Ask A Plant Queen: Is Watering Your Plants With LaCroix A Thing?

Illustrated by Anja Slibar
Welcome to Ask A Plant Queen, where with the help of Tula founder and bona fide plant expert Christan Summers, we'll answer every question you've ever had about the care, keeping, and presentation of houseplants. No need for you — or your pretty green pals — to thank us.

Question:

I've owned a few plants in my life and thanks to a classic mixture of sunlight, water, and what I can only imagine is pure luck, I have managed not to kill (most of) them. I've never really considered feeding them anything other than tap water, but a friend recently told me about someone feeding their plants LaCroix. It's a thing, they said. You should try it, they said. So I ask you: Is this a thing? Should I try it? Right now, I have a rubber plant [Editor's note: By rubber plant, our advice-seeker doesn't mean a plant made of rubber, but rather the breed known — in plant-expert terms — as Ficus elastica], and I guess I'm curious if watering it with LaCroix or any other kind of sparkling water instead of tap water is a good, bad, or neutral idea. I'm not sure it makes the most sense from a cost perspective, but I guess sometimes you're sipping a carbonated water beverage and you might as well toss some your plant's way, right? Or... not?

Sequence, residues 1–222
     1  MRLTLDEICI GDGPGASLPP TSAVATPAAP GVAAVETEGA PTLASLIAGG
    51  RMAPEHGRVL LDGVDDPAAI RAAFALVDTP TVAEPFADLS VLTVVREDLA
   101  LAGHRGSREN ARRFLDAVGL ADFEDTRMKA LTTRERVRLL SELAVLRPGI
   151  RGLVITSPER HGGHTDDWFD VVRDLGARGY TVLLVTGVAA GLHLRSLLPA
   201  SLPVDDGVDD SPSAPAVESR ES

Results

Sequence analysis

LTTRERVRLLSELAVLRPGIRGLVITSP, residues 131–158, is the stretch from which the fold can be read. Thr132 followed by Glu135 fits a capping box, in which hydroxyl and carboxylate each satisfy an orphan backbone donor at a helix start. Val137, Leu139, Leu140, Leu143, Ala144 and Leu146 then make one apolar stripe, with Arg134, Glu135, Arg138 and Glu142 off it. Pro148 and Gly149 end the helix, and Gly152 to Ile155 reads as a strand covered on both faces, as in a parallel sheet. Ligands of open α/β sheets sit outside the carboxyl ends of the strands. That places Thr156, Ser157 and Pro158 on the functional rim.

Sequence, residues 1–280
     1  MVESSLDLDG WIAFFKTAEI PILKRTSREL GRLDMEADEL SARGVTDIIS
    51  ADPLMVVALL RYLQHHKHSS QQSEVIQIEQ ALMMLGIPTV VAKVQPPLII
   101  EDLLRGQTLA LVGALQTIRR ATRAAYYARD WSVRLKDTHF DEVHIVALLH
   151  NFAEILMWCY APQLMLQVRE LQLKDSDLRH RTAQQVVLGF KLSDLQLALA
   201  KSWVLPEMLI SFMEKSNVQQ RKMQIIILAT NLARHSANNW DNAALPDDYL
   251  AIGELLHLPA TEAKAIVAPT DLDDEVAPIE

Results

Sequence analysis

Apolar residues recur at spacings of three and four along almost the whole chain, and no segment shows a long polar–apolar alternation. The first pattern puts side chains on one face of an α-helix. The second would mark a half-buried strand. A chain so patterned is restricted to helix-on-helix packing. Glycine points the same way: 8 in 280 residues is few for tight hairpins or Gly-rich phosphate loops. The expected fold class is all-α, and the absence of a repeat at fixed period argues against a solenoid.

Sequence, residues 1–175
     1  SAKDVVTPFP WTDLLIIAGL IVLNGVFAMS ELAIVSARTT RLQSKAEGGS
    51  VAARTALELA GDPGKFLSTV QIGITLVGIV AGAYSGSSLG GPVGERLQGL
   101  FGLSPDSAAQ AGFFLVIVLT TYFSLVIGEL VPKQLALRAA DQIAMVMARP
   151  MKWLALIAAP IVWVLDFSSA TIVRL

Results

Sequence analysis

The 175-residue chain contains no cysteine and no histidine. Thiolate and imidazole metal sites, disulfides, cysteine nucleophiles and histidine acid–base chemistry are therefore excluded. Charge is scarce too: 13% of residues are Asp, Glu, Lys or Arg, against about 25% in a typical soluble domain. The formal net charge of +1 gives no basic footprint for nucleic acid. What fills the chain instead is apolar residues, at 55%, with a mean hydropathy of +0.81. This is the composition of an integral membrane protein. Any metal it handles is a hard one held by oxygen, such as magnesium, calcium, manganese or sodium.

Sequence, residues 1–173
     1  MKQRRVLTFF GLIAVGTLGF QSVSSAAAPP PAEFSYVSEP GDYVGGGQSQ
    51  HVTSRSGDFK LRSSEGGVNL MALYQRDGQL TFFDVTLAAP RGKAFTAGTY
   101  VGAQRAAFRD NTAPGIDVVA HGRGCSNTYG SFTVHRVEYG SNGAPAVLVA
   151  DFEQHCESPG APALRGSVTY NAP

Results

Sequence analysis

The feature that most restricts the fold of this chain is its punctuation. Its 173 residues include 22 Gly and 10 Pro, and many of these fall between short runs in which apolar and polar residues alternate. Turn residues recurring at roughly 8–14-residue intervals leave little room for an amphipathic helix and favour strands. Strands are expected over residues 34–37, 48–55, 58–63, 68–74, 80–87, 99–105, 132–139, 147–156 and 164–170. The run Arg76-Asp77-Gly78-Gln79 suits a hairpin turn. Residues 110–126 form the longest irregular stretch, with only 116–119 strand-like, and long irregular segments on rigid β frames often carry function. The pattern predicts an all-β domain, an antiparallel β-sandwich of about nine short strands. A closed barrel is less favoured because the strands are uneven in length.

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Answer:

When I first read this question, my knee-jerk reaction was to say ‘no way’ to LaCroix, which seem like beverages geared solely toward human consumption. But with a little research and to my pleasant surprise, that initial reaction transformed to a more educated understanding.
But first (!), let’s cover a few basics of what a plant needs to survive, grow, and thrive indoors. The simple breakdown is that plants need air, water, sunlight, and nutrients. Here’s the breakdown, for anyone who needs a biology 101 refresher.
Air: When a plant photosynthesizes they use carbon dioxide to make food, and as a result, release oxygen. So yes, plants do breathe in carbon dioxide and breathe out oxygen!
Water: During photosynthesis, water helps to release energy that the plant has stored. Think of water and water pressure as a major vehicle in promoting healthy stem and leaf growth. And we can thank the roots for carrying the water and nutrients through a plant to facilitate this growth.
Illustrated by Anja Slibar
Nutrients: Most soils provide plants the nutrients they need. We often encourage people to use fertilizers during the grow seasons (spring-summer) as that helps to revitalize old soils and promote nutrient uptake in the roots. The three major plant nutrients are nitrogen, phosphorus and potassium – which are usually represented by the three numbers displayed on a fertilizer label (i.e. 10-6-5).
Sunlight: The all-important energy from that big, old, star. Plants photosynthesize in sunlight, they take energy from the sun to produce sugars (or food) which in essence, is their fuel to grow. The more sun a plant receives, the faster and stronger it will grow.
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Okay, so with the basics covered, let’s get back to the original question of feeding our plants flavored La Croix and/or sparkling water.